Leah Tolley commenced her career as a lawyer in Shepparton in 2007 in criminal, civil, family and child protection matters, and was seconded to the Victorian Aboriginal Legal Service (VALS) in 2009. During that time she appeared in courts across the state as an advocate for both young and older Aboriginal and Torres Strait Islander clients. Leah helped launch Balit Ngulu – a specialist Aboriginal Children’s Legal Service - in July 2017. She is now the Managing Lawyer of this intensive service that supports indigenous children before, during and after their criminal or child protection matters are heard in the Koori or Children’s courts of Victoria.

Hayden Bradford - Founder, Protect Victoria

Hayden started Protect Victoria, a closed Facebook group with over 35, 500 members, after being impacted by the Bourke Street Massacre. Protect Victoria consists of concerned Victorian citizens "who are appalled at the Victorian Government's and the Victorian judicial system's unwillingness to deal with the offenders of violent crime in accordance with 'community expectations’’ and to take better care of victims. Ex-stockman, ex-military, ex-corporate and now a private share market investor, Hayden has written a book entitled ‘Travesty’ which is currently being made into a movie in the United Kingdom.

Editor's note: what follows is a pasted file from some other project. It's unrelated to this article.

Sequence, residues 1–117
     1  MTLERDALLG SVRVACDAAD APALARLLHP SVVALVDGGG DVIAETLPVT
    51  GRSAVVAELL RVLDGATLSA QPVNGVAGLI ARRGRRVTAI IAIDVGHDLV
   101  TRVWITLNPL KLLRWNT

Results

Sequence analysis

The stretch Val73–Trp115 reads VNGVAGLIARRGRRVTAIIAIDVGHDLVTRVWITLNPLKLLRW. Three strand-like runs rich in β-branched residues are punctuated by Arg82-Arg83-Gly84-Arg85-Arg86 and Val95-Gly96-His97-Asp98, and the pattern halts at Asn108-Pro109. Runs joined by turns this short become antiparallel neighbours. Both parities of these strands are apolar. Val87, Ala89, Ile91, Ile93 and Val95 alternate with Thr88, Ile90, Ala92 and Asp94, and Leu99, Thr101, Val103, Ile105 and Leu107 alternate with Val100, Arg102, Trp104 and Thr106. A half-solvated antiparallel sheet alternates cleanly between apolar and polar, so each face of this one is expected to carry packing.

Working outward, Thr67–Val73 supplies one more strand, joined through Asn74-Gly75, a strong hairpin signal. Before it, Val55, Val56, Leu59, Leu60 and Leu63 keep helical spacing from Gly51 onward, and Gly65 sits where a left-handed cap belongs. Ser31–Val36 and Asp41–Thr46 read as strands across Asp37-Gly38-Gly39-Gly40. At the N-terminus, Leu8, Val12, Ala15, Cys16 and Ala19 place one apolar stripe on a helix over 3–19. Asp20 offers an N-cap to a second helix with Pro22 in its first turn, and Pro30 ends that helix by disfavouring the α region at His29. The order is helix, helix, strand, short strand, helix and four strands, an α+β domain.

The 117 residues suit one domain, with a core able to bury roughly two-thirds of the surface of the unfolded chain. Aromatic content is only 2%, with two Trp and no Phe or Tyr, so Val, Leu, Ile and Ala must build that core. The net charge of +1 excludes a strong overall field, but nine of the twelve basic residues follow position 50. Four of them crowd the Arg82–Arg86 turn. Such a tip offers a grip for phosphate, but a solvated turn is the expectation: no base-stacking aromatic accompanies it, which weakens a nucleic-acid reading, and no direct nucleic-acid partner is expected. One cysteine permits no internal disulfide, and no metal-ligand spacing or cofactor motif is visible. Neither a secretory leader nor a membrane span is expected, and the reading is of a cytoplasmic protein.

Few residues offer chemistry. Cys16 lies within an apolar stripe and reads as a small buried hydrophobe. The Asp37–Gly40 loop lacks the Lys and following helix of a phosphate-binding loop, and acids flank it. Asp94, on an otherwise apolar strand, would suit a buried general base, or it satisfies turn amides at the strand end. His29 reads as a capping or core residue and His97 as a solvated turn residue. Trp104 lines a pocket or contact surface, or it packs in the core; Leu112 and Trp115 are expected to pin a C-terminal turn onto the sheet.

Kel Glare - Chairman, Community Advocacy Alliance

Kelvin Glare is a lawyer and former Chief Commissioner of Victoria Police from 1987-1992.  He received many awards for his police work, including the Order of Australia and Australian Police Medal [APM] for distinguished service.  As well as consulting, Kelvin is now Chairman of the Community Advocacy Alliance (CAA), a political lobby group of former senior police and leading citizens concerned with victims’ rights. The CAA is working to change the systems, practices and policies of the Victoria Police and criminal justice system to deliver better outcomes for those affected by serious crimes. Kelvin regularly talks to political parties and the media.

 

Jennifer Bowles - Magistrate & Acting President of the Melbourne Children's Court

Magistrate Jennifer Bowles is currently the acting president of the Melbourne Children’s Court for the month of May. She was first appointed to Magistrate in 1998 and has sat for over half the time in the Children’s Court of Victoria. Ms Bowles has worked on numerous projects, including the establishment of the Sexual Offences List (2009) and the Sexual Abuse List (2012) in the Family Division of the Melbourne Children’s Court. She is also the supervising Magistrate of the Children’s Koori Court in Melbourne. In addition, during 2014, Ms. Bowles was awarded the Churchill Fellowship and reviewed options for therapeutic treatment for young people with substance abuse and mental illness, with her research conducted throughout Sweden, England, Scotland and New Zealand.

                                                                                                       

 

Whitelion_Q&A.pdf